31

Because RLUIPA's scope is narrower, with language that applies solely to the prison context, the question remains whether the statute requires us to accord the same deference to the expertise of prison officials as that which we accorded in cases arising under RFRA. Congress used the same strict scrutiny language from RFRA in the RLUIPA section that applies only to prisoners, 42 U.S.C. § 2000cc-1(a), but did not specifically codify the contextualized treatment that many courts had given the test in the prison context.

32

Although the legislative history is brief, several factors cause us to conclude that Congress intended that the language of the act is to be applied just as it was under RFRA. Congress did not intend to overly burden prison operations, but rather intended to provide as much protection as possible to prisoners' religious rights without undermining the security, discipline, and order of those institutions. See 146 Cong. Rec. S6687 (July 13, 2000) (statement of Sen. Hatch, introducing the bill). The bill was presented as an attempt to re-institute some of the protections of RFRA after it had been found unconstitutional by the Supreme Court. A joint statement of Senator Orrin Hatch and Senator Edward Kennedy, co-sponsors of the bill, stated:

33

The compelling interest test is a standard that responds to facts and context. What the Judiciary Committee said about that standard in its report on RFRA is equally applicable to This Act:

34

[T]he committee expects that courts will continue the tradition of giving due deference to the experience and expertise of prison and jail administrators in establishing necessary regulations and procedures to maintain good order, security and discipline, consistent with consideration of costs and limited resources.

35

At the same time, however, inadequately formulated prison regulations and policies grounded on mere speculation, exaggerated fears, or post-hoc rationalizations will not suffice to meet the act's requirements.

36

Senate Report 103-111 at 10 (1993).

37

146 Cong. Rec. S7775 (July 27, 2000). Both houses quickly passed identical bills with no amendments. See Bill Summary and Status Report, 106th Congress, S.2869 and H.R.4862, available at http://thomas.loc.gov. In light of this legislative background, then, we conclude that the standard applied under RFRA should likewise be applied to cases arising under RLUIPA.

38

RLUIPA requires that Murphy show, as a threshold matter, that there is a substantial burden on his ability to exercise his religion. 42 U.S.C. § 2000cc-2(b). To constitute a substantial burden, the government policy or actions:

39

must "significantly inhibit or constrain conduct or expression that manifests some central tenet of a [person's] individual [religious] beliefs; must meaningfully curtail a [person's] ability to express adherence to his or her faith; or must deny a [person] reasonable opportunities to engage in those activities that are fundamental to a [person's] religion."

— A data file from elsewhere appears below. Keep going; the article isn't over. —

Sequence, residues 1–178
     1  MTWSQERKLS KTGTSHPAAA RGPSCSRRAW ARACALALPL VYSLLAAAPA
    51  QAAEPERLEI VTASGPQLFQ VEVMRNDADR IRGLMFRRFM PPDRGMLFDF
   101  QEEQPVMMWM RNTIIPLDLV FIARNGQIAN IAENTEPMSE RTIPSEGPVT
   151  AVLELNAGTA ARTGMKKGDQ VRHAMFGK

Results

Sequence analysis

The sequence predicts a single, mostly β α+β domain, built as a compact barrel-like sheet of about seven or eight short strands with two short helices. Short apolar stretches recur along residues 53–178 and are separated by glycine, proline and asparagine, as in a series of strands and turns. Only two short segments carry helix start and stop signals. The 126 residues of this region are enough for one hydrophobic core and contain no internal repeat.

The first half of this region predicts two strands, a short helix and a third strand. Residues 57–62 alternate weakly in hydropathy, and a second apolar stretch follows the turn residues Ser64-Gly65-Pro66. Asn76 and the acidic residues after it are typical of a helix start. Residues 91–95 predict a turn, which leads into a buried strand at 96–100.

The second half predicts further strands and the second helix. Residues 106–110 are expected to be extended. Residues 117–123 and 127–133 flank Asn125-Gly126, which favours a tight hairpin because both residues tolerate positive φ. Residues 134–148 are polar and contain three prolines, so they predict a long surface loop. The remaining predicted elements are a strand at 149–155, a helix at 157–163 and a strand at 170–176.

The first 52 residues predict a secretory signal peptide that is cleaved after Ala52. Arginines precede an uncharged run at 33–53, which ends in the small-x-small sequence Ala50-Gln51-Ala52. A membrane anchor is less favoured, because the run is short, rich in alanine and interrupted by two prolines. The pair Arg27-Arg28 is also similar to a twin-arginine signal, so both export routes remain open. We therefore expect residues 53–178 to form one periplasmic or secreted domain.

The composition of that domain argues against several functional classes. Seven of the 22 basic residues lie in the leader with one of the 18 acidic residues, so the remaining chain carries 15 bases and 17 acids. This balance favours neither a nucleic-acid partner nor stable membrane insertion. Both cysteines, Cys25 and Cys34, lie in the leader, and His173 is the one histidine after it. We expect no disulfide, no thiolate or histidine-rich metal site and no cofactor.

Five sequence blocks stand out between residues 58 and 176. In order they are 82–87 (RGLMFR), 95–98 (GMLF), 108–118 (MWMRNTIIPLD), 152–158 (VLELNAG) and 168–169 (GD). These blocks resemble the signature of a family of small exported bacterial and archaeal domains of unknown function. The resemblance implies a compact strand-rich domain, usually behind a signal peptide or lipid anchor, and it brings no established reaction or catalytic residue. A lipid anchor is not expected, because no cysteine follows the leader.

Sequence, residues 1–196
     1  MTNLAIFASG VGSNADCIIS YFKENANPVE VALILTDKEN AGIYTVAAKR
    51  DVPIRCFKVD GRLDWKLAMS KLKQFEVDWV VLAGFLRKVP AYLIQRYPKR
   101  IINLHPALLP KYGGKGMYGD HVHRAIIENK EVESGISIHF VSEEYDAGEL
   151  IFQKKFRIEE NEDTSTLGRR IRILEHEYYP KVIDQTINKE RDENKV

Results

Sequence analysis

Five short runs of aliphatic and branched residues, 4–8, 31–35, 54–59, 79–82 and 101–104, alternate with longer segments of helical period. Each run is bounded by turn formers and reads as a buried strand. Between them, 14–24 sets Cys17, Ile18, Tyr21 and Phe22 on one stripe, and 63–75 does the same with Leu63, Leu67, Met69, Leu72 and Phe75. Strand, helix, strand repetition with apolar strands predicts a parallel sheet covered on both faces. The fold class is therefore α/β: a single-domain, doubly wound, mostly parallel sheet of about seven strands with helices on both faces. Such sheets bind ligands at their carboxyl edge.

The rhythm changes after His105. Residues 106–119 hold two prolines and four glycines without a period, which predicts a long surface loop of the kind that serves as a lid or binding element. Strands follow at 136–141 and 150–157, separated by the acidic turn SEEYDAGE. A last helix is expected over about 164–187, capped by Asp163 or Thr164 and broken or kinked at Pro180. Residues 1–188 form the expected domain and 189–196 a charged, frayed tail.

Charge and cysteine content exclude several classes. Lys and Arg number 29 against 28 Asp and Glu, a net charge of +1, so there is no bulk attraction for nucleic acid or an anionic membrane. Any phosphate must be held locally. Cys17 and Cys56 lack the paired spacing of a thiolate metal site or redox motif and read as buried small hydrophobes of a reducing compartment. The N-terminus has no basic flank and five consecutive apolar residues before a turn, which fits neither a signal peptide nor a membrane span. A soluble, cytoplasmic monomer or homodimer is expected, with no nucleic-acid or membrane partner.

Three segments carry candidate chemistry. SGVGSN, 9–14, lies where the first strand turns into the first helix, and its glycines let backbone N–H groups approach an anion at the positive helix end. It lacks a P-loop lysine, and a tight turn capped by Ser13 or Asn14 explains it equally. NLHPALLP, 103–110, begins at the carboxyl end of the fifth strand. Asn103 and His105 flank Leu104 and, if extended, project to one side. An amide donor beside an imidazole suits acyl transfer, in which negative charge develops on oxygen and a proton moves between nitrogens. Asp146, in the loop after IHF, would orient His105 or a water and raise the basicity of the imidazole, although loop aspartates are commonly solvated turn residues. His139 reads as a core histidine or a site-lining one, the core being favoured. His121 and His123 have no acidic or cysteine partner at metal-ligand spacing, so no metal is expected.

40

Weir, 114 F.3d 817" court="8th Cir." date_filed="1997-06-11" href="https://app.midpage.ai/document/milton-weir-plaintiff-appellantcross-appellee-v-crispus-nix-james-helling-mary-piper-defendants-appelleescross-appellants-741129?utm_source=webapp" opinion_id="741129">114 F.3d at 820 (alteration in original) (citation omitted). As we indicated in our analysis of Murphy's constitutional free exercise claim, we hesitate to make judgments about whether a religious belief is sincere or not. See Ochs, 90 F.3d 293" court="8th Cir." date_filed="1996-07-22" href="https://app.midpage.ai/document/donald-duane-ochs-v-john-thalacker-722464?utm_source=webapp" opinion_id="722464">90 F.3d at 296. Thus, we conclude that the district court improperly concluded on summary judgment that Murphy's religion was not substantially burdened and that "group worship and group discussion and study, cannot be said to be tenets or beliefs central to his religion." D. Ct. Opinion of Sept. 27, 2002, at 7. We have stated that a substantial burden to free exercise rights may exist "when a prisoner's sole opportunity for group worship arises under the guidance of someone whose beliefs are significantly different from his own." Weir, 114 F.3d 817" court="8th Cir." date_filed="1997-06-11" href="https://app.midpage.ai/document/milton-weir-plaintiff-appellantcross-appellee-v-crispus-nix-james-helling-mary-piper-defendants-appelleescross-appellants-741129?utm_source=webapp" opinion_id="741129">114 F.3d at 821. Murphy has asserted numerous beliefs and aspects of his faith that are incompatible with Protestant Christian beliefs. He has also asserted that communal worship is an important part of his religion. Whether Murphy can establish the truth of these allegations and the existence of a substantial burden on the exercise of his religion is a matter to be determined by the district court in the first instance following a trial on the merits on this issue.

41

Assuming that Murphy's religious practice has been substantially burdened, MDOC can still prevail if it establishes that its choice to give Murphy only solitary practitioner status was the least restrictive means to further a compelling interest. We conclude that although its actions were justified under the Turner reasonableness analysis, there is insufficient evidence to conclude that appellees have satisfied the heavier burden imposed upon them under RLUIPA.

42